Essays & Features
"Cause of Death: Uncovering the hidden history of AIDS on the New York Times obituary page.” Slate (December 2018)
The New York Times may be known as the “newspaper of record,” but nearly four decades ago, when the AIDS crisis began to ransack American cities, the publication’s coverage was sparse and far from dependable. The paper’s earliest archives of the period are as much a testament to the pervasive cultural prejudices of the time as they are study in bias-borne editorial neglect. Read more here.
“I Didn't Know How To Be A Partner To Someone Who Was Grieving — Until I Read These Books.” Bustle (August 2, 2019)
I discovered the book during the second winter of a very long year. It began with the sudden death of a childhood friend and ended the following winter when my boyfriend’s mom, Susan, died unexpectedly at 58. I was young and still learning how to be a partner in an adult relationship, so being a partner in a time of unforeseen trauma was something I wasn’t prepared for at all — until I found Joan Didion.
"The Catholic Church Was My Home. I Feel Like It’s Betrayed Me.” Buzzfeed (September 2018)
When news broke that my youth group’s founder was a serial sexual abuser, I left the church for good. Ten years later, the Catholic Church is in just as bad — if not worse —shape.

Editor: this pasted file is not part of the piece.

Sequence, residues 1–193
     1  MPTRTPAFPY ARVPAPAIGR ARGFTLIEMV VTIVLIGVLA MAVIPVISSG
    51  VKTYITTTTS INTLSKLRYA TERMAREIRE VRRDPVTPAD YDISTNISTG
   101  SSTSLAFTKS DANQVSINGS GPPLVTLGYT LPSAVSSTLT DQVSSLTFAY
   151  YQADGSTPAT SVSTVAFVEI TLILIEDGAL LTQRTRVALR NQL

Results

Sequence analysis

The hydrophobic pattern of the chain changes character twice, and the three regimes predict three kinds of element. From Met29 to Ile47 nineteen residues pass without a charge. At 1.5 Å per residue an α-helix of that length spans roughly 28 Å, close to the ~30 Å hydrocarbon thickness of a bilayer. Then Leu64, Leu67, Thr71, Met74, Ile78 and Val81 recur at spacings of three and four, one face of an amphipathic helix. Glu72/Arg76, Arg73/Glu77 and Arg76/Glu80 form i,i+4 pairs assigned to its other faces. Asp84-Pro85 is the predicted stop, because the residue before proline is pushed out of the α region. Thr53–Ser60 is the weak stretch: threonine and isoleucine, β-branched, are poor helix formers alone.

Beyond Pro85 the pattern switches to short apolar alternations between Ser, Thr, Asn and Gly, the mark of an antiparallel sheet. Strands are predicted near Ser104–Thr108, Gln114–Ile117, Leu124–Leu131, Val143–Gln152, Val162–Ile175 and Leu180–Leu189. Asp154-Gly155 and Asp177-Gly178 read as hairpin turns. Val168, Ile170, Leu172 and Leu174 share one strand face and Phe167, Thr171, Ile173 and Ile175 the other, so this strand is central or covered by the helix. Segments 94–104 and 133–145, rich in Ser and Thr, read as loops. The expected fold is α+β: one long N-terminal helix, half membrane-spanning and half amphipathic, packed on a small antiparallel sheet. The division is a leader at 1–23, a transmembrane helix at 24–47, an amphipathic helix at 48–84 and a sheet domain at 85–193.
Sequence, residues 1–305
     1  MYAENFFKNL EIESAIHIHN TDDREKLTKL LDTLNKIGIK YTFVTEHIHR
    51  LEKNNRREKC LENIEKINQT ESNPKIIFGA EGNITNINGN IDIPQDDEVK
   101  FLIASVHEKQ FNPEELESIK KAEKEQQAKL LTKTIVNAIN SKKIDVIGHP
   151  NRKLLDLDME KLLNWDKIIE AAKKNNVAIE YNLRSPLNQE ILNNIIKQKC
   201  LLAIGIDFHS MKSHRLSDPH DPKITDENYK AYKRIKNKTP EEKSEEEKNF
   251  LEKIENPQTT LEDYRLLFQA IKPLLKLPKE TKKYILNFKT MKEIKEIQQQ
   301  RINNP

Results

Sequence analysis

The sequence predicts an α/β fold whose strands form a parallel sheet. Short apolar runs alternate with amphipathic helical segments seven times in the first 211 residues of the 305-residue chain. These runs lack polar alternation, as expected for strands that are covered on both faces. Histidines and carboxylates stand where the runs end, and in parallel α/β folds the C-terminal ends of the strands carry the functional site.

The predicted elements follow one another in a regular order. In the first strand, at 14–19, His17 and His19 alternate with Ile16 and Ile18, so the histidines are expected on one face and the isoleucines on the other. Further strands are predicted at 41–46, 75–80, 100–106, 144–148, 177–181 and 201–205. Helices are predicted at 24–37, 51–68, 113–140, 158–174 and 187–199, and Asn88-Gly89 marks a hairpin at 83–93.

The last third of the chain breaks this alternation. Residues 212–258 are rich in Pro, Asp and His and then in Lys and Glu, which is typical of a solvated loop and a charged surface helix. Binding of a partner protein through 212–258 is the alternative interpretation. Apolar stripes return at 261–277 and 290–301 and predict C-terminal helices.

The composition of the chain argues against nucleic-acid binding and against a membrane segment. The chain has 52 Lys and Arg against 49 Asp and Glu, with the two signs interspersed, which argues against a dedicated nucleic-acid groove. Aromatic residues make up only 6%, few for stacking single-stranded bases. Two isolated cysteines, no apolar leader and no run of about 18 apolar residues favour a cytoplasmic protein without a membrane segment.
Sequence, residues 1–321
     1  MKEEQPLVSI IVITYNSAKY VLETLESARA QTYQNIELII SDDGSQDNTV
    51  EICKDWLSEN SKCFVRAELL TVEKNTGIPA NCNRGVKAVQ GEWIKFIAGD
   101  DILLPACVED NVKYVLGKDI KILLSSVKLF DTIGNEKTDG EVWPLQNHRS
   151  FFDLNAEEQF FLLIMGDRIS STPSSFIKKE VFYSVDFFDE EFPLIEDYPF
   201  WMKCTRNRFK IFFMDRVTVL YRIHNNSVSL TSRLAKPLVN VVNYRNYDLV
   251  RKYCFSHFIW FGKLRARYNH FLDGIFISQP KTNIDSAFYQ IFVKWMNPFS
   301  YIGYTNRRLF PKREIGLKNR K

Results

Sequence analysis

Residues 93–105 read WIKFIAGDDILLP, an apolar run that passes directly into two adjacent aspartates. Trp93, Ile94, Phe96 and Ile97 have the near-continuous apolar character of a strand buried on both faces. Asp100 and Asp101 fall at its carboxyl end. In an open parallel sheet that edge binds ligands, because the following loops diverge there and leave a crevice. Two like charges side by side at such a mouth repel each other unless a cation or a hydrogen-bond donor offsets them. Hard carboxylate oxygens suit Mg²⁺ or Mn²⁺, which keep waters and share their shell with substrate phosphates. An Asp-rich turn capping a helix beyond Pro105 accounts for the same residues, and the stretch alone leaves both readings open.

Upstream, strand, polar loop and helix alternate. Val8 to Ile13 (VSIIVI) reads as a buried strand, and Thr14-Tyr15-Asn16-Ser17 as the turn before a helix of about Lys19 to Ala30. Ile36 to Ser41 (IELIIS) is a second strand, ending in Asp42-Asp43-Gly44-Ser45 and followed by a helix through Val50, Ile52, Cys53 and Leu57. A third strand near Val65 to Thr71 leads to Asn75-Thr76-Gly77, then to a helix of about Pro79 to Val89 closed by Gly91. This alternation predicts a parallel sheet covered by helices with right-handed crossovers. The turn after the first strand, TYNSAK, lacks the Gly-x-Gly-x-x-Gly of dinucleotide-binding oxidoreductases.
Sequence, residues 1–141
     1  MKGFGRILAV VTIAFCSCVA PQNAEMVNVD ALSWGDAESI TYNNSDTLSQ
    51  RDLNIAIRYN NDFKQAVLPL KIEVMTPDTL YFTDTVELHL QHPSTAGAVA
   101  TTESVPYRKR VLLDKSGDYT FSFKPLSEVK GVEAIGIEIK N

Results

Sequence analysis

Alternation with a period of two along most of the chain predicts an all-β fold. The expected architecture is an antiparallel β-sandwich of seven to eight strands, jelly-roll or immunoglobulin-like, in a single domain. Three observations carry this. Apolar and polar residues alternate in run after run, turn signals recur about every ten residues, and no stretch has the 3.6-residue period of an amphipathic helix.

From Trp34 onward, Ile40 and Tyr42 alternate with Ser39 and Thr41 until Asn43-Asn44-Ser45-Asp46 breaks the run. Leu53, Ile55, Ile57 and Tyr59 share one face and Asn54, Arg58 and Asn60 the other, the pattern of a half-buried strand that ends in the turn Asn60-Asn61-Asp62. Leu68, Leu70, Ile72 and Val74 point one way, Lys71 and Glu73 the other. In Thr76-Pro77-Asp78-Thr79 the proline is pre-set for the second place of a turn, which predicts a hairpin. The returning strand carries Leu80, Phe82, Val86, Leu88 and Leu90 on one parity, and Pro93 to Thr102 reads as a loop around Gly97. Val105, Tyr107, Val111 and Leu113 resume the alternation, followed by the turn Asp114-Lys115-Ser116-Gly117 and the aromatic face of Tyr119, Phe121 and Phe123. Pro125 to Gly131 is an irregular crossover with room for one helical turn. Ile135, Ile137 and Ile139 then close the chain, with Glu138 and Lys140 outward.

"Dancing in the Dark: Queer History is Often Presented as a Series of Dour Protests. But Fun Was Just as Important," Slate (March 2018)
When we think of queer history as a series of tragedies and protests, we miss the fun and joy that fueled the movement.
“Trump Threatens the NEA,” Paste (January 2017)
“Art is always going to take the first hit because, from a political point of view, it’s the first target, so that’s why I think the NEA will be chopped first.” —Sam McKinnis
“Frank Lloyd Wright and the Confused Sense of Place, Ampersand (October 2017)
“What I ultimately hope to do with the work is break from the normal celebratory discourse around modernism and propose that Hollyhock House would not have even happened had Frank Lloyd Wright not been exposed to ancient Mayan architecture when he traveled to Mexico and Central America.” —Clarissa Tossin